Air pollution in the UK kills 25.7 out of every 100,000 people, making it one of the most deadly countries in Western Europe, according to the 2017 Health Statistics from the World Health Organisation.
The figures show that, by comparison, morality rates from air pollution are 0.4 per 100,000 in Sweden, 12.1 in the United States, 14.6 in Ireland, 14.7 in Spain and 15.8 in Brazil.
Meanwhile, new figures from Kings College London reveal that air pollution in the capital is now worse than levels in Beijing.
London Mayor Sadiq Khan has pledged to introduce a range of measures to tackle the problem including an ultra low emissions zone across the capital, a crackdown on idling and air quality audits.
The big challenges and possible solutions to improving air quality and public health will be discussed at a major new event – Healthy Streets 2017 – taking place in the capital in September. The event is being hosted by the London Borough of Waltham Forest and organised by Landor LINKS.
Alongside the conference, an awards ceremony will recognise projects and people that are aiming to improve public health by promoting active travel and health-led street design.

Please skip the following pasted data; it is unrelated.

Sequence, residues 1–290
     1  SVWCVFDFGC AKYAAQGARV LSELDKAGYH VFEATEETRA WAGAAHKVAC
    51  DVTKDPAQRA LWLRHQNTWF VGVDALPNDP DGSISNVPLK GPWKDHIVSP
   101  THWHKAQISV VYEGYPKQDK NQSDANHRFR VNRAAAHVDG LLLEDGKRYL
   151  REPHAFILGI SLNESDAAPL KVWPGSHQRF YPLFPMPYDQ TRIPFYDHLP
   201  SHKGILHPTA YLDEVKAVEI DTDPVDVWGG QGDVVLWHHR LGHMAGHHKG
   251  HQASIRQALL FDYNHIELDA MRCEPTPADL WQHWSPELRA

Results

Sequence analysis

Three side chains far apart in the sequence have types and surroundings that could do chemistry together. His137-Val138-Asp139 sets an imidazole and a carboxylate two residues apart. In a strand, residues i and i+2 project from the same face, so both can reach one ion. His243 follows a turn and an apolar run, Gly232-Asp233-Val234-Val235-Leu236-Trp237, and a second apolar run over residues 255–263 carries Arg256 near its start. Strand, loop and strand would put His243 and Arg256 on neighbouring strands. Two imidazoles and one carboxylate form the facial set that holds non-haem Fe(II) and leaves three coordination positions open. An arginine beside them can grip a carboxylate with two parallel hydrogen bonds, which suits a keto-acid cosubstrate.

The categories include:
Lucy Saunders of Transport for London and Mayor's Office, who wrote the Healthy Street Approach guidance, says: “I am involved in these awards because I devised the Healthy Streets Approach and I am therefore very committed to seeing its implementation in villages, towns and cities because of the health, social and environmental benefits this approach delivers."
“These awards are a great opportunity to showcase hard work, partnerships and innovations to make streets more inclusive places for everyone. I feel particularly passionate about ensuring that our street environments are attractive for children to socialise, play and explore independently and that older people do not become isolated or car dependent as a result of urban design and transport policy."
Brian Deegan, Principal Technical Specialist at Transport for London, says: “People should submit entries because it is vital that the direct connection between street design and health is made. Active travel keeps us moving and is the best way to tackle our health epidemic. All fellow engineers should consider the health impacts of every change they make to the street environment and not consider active travel to be a potential ambient benefit once cars have been catered for.”
I encourage anyone working to develop healthy streets in your local authority or for your clients to take part in this year's awards ceremony and to get your entries in before the deadline.
Phil Jones of consultants PJ Associates says: “I'm delighted to be part of the judging committee at the Healthy Streets Awards and I'm really looking forward to reviewing some of the great projects that are taking place all over the UK. "
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